UKOOG, the trade body for the onshore oil and gas industry has welcomed publication of studies into unconventional oil and gas by the Scottish Government which ‘clearly demonstrate the economic case’ for promoting exploration in Scotland, while showing a pathway for other risks to be mitigated.
The industry will participate fully in the consultation announced by the Scottish Government and believes that the case for lifting the moratorium on unconventional oil and gas development has been made.
Ken Cronin, Chief Executive of UKOOG, said: “The studies by experts including Health Protection Scotland, KPMG and the British Geological Survey, clearly demonstrate the case for lifting the moratorium on unconventional oil and gas development in Scotland.
“The experts show that the Scottish economy could benefit by over £11 billion, including up to £6.5 billion of spending in Scotland, creating over 3,000 much needed jobs from unconventional oil and gas development and meeting up to 18 years of current Scottish gas consumption.
“This excludes the additional and important economic benefits to the chemical industry in Scotland including Grangemouth. In addition, local communities could be expected to receive up to £1 billion in community benefits.
“The risks for issues like seismicity are said to be low, there is “inadequate evidence” of any detrimental health impacts and in all cases the risks can be mitigated by good industry practice – much of which is already in place – with industry guidance already published – and the strong regulation.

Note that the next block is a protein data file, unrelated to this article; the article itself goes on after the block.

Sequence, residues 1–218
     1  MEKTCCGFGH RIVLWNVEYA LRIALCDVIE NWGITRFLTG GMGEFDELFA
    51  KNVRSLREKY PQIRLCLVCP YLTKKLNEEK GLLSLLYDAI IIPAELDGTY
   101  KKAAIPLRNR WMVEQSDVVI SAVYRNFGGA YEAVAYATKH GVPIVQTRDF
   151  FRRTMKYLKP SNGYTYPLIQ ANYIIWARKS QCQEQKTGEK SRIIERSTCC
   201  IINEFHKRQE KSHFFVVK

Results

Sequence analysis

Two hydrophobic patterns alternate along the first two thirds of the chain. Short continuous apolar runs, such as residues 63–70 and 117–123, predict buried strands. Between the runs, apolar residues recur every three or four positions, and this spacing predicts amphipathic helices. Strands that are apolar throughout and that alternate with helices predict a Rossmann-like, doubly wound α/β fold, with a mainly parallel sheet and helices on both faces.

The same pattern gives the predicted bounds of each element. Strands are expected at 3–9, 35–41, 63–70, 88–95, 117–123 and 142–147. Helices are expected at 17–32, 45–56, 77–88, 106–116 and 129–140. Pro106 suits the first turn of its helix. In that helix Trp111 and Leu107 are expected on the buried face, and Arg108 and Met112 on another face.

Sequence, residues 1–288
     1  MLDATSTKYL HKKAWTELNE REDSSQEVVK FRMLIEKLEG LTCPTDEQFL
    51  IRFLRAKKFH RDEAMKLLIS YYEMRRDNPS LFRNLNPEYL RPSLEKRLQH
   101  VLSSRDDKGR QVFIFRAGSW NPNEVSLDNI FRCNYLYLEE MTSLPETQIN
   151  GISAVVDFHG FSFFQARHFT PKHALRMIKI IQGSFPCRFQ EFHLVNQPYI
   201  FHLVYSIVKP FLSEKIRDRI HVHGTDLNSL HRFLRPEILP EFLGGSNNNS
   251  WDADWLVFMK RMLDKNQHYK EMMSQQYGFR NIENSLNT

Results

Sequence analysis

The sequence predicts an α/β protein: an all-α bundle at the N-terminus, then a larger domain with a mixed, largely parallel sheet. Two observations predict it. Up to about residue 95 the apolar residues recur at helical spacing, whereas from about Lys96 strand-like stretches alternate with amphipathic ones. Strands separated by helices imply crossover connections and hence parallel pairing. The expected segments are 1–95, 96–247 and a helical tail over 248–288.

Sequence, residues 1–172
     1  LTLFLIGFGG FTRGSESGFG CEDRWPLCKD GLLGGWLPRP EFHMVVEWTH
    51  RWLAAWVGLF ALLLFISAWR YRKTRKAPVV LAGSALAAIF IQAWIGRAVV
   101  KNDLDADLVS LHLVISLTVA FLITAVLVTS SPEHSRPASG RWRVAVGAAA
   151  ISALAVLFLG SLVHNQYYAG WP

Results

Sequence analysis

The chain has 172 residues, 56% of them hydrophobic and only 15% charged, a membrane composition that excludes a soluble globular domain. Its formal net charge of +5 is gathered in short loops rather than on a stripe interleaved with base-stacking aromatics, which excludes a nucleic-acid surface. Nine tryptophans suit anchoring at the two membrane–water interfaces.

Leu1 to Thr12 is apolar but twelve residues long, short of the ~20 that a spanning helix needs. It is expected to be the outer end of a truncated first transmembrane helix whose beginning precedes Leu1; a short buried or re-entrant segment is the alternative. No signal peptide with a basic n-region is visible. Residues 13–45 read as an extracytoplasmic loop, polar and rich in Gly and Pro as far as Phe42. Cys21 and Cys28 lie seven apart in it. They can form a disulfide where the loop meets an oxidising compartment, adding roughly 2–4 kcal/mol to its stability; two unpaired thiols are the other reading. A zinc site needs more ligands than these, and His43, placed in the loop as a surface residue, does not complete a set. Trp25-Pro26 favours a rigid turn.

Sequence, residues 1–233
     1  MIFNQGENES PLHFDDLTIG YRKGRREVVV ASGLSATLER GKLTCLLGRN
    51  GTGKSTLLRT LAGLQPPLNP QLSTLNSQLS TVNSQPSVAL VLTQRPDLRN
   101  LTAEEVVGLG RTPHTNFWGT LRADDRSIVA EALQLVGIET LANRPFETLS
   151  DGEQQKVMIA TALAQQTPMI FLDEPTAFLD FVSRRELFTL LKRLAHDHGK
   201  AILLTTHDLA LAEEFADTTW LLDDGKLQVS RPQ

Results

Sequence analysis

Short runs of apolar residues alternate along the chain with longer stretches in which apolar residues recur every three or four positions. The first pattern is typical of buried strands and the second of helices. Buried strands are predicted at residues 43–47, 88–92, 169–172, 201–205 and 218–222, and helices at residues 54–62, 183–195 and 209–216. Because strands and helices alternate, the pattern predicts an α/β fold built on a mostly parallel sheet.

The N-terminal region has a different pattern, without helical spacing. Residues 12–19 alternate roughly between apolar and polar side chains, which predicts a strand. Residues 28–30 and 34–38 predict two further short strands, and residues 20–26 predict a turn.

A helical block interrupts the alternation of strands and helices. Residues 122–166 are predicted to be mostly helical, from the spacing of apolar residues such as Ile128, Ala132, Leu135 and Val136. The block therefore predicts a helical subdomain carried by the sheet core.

“We hope that the publication of these studies can lead to a reasoned debate across a wider audience about the future of the onshore oil and gas industry in Scotland.
Gas plays an important role in Scotland’s domestic economy, with 79% of domestic heating provided by gas.
In addition, industrial and commercial gas consumption makes up 43% of all gas consumed in Scotland.
Scotland has the highest mean domestic consumption and also one of the highest commercial consumptions in the UK reflecting the industrial position of Scotland. In fact, in 2013, 88% of all Scotland’s energy came from either oil or gas.
Cronin added: “As an industry based on over 50 years of experience both onshore and offshore, we are confident that hydraulic fracturing can be done safely and environmentally sensitively within the regulatory environment in Scotland.
“We have had a well regulated industry in Scotland for many decades.
We have drilled over 30 wells in the last 20 years. One of the first hydraulic fractures in the UK took place in Airdrie nearly 50 years ago and fracking also took place inside Glasgow in 1989 at Easterhouse.
“The oil and gas industry has made a huge contribution to the economy of Scotland. Onshore gas and oil will benefit the Scottish economy, not only directly, with jobs created through oil and gas extraction, but also indirectly, as oil and gas is a critical raw material for the chemicals industry at facilities such as Grangemouth.
“The onshore oil and gas industry has also committed to a multi-million pound programme of benefits for local communities and stakeholders as well as boosting contributions to local councils.”